I have to agree.  Dan's hd2sd script that brings together all those AviSynth filters is a pretty spectacular piece of work!

     

    Jeff

     
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  • Currently Being Moderated
    Feb 26, 2013 5:02 PM   in reply to SAFEHARBOR11

    HD is UFF and DVD is usually LFF.

     

    DVD can be either depending on the content.  It's only 'usually' LFF if you're using DV as the source.  Otherwise it's whatever it needs to be.

     

     

    Encore CS6 will now accept an .m2v file encoded as UFF and will not transcode it.

     

    It always has.  It was the Dynamic Link that screwed up the fields.  But again, that's best not used (I think).

     

     

    Maybe folks that shoot 1080p or 720p aren't seeing the issues that we get with 1080i to DVD

     

    I've not had any issues yet using PP alone for my 1080i material on DVD.  I wonder if HDV being only 1440 has any part in this.

     
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    Feb 26, 2013 5:03 PM   in reply to Jeff Bellune

    How does version CS6 deal with it?

     

    In my experience, quite well.  I've yet to see anything that made me want to try Dan's script.

     
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    Feb 27, 2013 9:49 AM   in reply to sneedbreedley

    What bitrate for each option?

     

    Can you remind what your source and PR sequence settings are? (I haven't been tracking this thread closely enough.)

     

    Do you see the same result in Encore preview?

     
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  • Currently Being Moderated
    Feb 27, 2013 6:00 PM   in reply to sneedbreedley

    Use the MPEG2-DVD format and the Match Source Attributes (Highest Quality) preset.  Be sure to use Scale to Fill over on the Output tab to the left.  If you have CUDA turned on, you're good.  If not, check Maximum Render Quality.  Do not check Use Previews.

     
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  • Currently Being Moderated
    Feb 28, 2013 6:41 AM   in reply to sneedbreedley

    If you encode to MPEG-2 from Premiere, besides the resulting audio and video clips, a couple of extra files are created, and somewhere in there are your Chapter marks. In Encore, use "Import As > Timeline" and grab only the audio and video clips. Encore will automatically pick up the Chapter marks for you.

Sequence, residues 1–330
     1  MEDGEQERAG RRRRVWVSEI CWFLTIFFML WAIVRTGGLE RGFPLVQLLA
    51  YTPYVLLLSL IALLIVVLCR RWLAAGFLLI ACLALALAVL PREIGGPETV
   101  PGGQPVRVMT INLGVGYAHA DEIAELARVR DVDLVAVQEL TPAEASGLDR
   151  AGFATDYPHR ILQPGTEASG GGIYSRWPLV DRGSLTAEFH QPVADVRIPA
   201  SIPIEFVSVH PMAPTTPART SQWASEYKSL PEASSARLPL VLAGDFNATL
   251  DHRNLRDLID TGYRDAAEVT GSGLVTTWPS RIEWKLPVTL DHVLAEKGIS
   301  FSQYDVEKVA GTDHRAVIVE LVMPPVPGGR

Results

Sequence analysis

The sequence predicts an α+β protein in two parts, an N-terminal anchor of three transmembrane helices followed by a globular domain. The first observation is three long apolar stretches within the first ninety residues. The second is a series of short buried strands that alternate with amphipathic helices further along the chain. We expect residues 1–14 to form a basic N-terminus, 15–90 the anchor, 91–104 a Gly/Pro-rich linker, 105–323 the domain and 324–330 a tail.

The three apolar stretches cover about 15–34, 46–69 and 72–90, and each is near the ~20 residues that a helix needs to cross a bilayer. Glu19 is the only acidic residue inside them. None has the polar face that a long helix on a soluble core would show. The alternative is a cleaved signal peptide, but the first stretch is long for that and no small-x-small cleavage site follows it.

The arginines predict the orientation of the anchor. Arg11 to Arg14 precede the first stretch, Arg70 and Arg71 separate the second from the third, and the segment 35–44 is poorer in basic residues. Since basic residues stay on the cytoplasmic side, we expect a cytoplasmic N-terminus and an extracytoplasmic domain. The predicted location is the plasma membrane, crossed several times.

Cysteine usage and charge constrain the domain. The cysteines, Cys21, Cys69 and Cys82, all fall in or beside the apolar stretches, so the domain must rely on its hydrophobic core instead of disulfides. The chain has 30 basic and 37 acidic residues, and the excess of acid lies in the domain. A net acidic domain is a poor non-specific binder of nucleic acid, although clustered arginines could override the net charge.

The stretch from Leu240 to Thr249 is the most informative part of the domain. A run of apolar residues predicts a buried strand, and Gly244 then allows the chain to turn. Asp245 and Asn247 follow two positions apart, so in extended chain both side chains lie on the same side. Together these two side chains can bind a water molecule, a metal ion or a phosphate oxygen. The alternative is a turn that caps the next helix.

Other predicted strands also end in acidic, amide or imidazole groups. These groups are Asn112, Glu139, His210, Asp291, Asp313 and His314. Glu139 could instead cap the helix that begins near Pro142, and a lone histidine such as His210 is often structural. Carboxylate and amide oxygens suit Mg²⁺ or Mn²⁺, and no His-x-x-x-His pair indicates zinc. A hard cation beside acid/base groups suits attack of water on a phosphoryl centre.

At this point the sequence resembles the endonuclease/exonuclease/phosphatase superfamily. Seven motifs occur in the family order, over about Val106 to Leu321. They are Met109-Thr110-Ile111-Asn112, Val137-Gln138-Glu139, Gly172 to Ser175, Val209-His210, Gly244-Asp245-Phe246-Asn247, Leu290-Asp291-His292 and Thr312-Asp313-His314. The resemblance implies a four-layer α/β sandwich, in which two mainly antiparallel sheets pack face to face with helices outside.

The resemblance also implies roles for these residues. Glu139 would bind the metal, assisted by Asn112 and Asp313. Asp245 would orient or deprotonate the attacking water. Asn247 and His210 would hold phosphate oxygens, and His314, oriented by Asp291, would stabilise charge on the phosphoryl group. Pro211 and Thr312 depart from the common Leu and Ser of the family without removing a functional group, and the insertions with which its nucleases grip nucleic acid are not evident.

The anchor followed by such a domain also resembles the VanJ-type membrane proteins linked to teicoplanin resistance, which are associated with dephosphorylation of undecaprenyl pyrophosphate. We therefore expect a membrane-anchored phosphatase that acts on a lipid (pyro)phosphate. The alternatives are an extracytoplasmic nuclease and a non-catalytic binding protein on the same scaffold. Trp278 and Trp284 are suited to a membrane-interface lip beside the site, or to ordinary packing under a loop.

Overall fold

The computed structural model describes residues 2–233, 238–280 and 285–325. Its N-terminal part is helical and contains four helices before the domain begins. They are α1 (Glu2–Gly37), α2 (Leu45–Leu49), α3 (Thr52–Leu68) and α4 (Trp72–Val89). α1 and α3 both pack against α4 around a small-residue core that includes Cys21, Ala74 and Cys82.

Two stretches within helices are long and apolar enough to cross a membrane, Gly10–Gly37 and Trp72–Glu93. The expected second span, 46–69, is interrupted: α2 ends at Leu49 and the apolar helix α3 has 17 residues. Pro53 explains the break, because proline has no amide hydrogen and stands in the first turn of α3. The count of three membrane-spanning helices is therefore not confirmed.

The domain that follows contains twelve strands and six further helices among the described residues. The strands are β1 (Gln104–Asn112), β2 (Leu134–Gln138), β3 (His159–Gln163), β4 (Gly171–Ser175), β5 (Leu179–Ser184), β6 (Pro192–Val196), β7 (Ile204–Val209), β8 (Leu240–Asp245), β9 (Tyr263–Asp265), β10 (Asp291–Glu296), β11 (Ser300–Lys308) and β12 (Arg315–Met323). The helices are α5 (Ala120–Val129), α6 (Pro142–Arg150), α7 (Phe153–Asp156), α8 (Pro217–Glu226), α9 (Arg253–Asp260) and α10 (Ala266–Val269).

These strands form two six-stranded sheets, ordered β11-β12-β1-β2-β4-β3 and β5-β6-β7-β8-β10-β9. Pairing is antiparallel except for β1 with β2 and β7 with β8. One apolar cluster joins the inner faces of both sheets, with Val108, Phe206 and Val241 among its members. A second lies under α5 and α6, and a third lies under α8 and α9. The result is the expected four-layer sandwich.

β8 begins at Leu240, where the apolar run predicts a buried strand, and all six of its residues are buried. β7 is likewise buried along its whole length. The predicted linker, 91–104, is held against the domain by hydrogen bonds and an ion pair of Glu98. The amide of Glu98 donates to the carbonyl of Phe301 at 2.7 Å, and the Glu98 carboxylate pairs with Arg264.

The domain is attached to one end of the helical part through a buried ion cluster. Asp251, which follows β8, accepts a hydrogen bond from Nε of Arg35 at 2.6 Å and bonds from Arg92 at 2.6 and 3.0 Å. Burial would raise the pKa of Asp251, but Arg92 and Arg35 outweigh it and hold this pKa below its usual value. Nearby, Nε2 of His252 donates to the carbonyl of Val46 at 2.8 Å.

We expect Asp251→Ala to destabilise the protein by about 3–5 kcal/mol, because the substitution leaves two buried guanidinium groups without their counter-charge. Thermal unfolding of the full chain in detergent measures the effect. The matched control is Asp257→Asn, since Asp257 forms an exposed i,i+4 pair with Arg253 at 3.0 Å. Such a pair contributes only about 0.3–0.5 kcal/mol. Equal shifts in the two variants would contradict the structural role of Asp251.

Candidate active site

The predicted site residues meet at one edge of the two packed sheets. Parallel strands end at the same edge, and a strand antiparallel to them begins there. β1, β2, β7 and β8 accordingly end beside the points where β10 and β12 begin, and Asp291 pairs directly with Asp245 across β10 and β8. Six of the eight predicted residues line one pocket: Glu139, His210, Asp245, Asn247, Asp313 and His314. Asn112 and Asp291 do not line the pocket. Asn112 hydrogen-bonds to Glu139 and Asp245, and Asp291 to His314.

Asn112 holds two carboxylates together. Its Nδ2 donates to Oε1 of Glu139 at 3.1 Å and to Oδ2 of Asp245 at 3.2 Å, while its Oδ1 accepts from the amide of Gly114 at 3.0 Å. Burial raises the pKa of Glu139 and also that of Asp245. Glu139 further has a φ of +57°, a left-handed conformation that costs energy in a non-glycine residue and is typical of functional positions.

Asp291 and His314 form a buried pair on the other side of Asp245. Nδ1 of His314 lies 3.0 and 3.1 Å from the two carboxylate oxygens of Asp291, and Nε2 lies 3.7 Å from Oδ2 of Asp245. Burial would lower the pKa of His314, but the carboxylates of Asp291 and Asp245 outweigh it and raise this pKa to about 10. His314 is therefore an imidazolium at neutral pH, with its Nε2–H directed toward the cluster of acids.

Thanks

     

    Jeff Pulera

    Safe Harbor Computers

     
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  • Currently Being Moderated
    Feb 28, 2013 7:35 AM   in reply to Jim Simon

    Jim Simon wrote:

     

    HD is UFF and DVD is usually LFF.

     

    DVD can be either depending on the content.  It's only 'usually' LFF if you're using DV as the source.  Otherwise it's whatever it needs to be.

     

     

     

    The only issue you can have on this is the motion menu's. If the dvd is lower and the footage is upper the thumbnail can run wrong.

     

     

    Encore CS6 will now accept an .m2v file encoded as UFF and will not transcode it.

     

    It always has.  It was the Dynamic Link that screwed up the fields.  But again, that's best not used (I think).

     

     

     

    CS5 and 5/5 flipped the fields when using DL but they corrected that in CS6.

    All versions did not re-encode m2v with upper field. That was the wordaround.

     

     


    Maybe folks that shoot 1080p or 720p aren't seeing the issues that we get with 1080i to DVD

     

    I've not had any issues yet using PP alone for my 1080i material on DVD.  I wonder if HDV being only 1440 has any part in this.

     

    I have a Canon A1 hdv camera and I always shot in 1080i. Never have choppy scenes. I do have to be carefull with panning, usually try to avoid it or just follow the subject.

    DVD is CS6 is good (they aren't blurry or whatever), but as Jim pointed out earlier, I find TMPGenc better (equal to the HC encoder)

     
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  • Currently Being Moderated
    Feb 28, 2013 4:25 PM   in reply to Ann Bens

    @sneedbreedley.  I shoot with a Sony Z5U, in both HDV progressive and interlaced, and have no issues with DVD quality.  I am working on my first project with CS6, and have not output anything yet, so I can't comment on that part.  I've also shot up to 2 hours and still had good results.  You can always try dual layer disc's if the length affects your quality

     
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  • Currently Being Moderated
    Feb 28, 2013 8:20 PM   in reply to sneedbreedley

    Importing via Dynamic Link looked better.

     

    That's unlikely.  At best, it would look no worse.